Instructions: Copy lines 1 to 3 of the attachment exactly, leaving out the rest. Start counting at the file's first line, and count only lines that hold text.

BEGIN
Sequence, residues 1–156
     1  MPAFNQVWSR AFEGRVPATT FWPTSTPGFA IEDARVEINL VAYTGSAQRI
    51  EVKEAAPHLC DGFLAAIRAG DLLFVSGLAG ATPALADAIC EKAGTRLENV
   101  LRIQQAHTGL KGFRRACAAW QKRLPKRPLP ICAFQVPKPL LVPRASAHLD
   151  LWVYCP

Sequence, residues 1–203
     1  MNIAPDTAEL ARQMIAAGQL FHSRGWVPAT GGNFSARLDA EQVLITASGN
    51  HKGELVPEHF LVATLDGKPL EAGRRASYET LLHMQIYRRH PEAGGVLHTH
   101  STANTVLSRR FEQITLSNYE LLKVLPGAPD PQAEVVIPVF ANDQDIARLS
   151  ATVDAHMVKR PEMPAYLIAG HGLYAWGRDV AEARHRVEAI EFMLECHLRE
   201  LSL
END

Sequence, residues 1–156
     1  MPAFNQVWSR AFEGRVPATT FWPTSTPGFA IEDARVEINL VAYTGSAQRI
    51  EVKEAAPHLC DGFLAAIRAG DLLFVSGLAG ATPALADAIC EKAGTRLENV